The global volume of Islamic bond, or sukuk, issuances is projected to rise in 2021 following an expected market and economic recovery in core Islamic finance countries, according to S&P Global Ratings.
The total volume of sukuk transactions in 2021 will likely climb to between $140 billion and $155 billion after falling year over year to $139.8 billion in 2020 from $167.3 billion in 2019, the rating agency said in a report. The drop in 2020 upended four years of annual growth from 2015 when total issuances amounted to $59 billion.
The assumption is based on S&P Global Ratings' expectation that GDP growth in the Gulf Cooperation Council, Malaysia, Indonesia and Turkey will recover from the pandemic-induced recession in 2020. Along with a projected stabilization in oil prices, markets are expected to remain buoyant amid record-low interest rates and abundant liquidity, the agency said.
The agency said the COVID-19 crisis could be under control in developing countries from the second quarter, owing to vaccines and medical technologies, allowing social distancing and lockdown measures to be lifted, which would spur economic activity. Governments are also expected to continue tapping the sukuk market despite a potential decline in financing needs, although transactions are still expected to fall short of historical levels.
Meanwhile, financial institutions are expected to embark on fewer sukuk transactions this year after rallying in 2020 to take advantage of supportive market conditions. However, the drop will be more than offset by corporates, the agency said.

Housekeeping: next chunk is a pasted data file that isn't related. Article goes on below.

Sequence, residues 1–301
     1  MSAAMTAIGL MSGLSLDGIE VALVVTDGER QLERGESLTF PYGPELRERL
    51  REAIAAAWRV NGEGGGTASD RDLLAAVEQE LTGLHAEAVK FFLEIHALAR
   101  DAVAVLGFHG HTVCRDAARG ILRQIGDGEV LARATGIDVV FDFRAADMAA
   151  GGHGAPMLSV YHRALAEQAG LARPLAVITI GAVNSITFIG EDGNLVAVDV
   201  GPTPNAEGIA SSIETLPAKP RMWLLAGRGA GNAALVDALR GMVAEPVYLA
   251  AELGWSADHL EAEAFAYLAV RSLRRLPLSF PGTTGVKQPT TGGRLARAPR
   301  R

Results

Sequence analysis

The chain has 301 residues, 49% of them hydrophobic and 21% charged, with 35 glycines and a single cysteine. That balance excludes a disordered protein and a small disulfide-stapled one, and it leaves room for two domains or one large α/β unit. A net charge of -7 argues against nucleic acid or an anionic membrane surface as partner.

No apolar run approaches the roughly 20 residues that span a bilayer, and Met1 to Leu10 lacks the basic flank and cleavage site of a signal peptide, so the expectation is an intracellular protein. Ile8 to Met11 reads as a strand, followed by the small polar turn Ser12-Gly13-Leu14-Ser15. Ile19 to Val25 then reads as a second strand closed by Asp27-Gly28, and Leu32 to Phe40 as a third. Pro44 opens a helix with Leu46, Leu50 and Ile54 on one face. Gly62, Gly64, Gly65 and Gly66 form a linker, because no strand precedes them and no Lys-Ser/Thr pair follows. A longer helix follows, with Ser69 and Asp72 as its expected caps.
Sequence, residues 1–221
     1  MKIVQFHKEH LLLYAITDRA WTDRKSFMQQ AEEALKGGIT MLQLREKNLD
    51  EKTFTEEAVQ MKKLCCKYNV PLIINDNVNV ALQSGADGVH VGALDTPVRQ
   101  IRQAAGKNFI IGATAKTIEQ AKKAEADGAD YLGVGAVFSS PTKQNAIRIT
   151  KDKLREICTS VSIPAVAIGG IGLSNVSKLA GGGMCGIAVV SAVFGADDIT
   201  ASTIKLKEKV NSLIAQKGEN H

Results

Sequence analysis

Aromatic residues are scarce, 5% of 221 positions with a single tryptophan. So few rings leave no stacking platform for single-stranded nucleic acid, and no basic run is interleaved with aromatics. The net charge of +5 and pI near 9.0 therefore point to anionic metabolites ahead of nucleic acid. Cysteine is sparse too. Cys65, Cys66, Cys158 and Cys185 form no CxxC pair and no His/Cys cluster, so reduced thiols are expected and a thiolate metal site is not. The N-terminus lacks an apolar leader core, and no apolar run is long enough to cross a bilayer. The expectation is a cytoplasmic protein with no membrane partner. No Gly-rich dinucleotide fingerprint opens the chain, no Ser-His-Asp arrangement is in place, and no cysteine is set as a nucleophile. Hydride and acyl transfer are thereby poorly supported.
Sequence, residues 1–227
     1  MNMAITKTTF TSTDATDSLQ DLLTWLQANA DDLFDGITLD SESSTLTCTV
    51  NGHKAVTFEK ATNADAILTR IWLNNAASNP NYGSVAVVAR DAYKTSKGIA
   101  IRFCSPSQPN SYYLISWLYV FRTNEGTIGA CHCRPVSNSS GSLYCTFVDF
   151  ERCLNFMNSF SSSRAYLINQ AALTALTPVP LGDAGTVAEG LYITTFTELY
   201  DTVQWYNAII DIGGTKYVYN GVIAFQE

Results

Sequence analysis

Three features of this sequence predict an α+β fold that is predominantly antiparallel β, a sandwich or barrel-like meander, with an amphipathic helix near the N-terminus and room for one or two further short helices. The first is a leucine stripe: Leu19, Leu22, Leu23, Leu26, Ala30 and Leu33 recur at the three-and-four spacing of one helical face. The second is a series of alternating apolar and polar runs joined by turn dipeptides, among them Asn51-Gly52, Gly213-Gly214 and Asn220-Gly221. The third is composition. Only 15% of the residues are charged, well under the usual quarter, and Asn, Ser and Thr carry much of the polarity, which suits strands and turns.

Additionally, S&P Ratings said some sukuk transactions in 2021 could be used to tackle social issues especially as investors seek to boost their environmental, social and governance activities. Green sukuk transactions could also be recorded as many core Islamic finance countries transition to sustainable energy.
However, social and green sukuk deals are not expected to be "game-changers," the agency said, due to the additional complexity and the slow progress in the energy transition.
S&P Global Ratings also warned of downside risks that could hamper sukuk transactions in 2021, including the uncertainty surrounding core Islamic countries' ability to bring the pandemic under control, and the imminent defaults and restructurings among sukuk issuers with unfavorable credit qualities.
A further rise in COVID-19 cases in core Islamic countries and any additional containment measures continue to be the main risk for issuers, the agency said, reiterating that such countries are set for a fragile economic recovery. Any further curb measures could directly or indirectly hurt recovery through lower commodity prices, exports and capital flows.
More defaults and restructurings also beckon, especially for banks as payment holidays slowly lapse, which could result in higher credit risk. If extensions to the forbearance are not granted, the agency said default rates are likely to go up among corporates and sukuk issuers this year, particularly those with low credit quality or business models that are dependent upon market and economic conditions.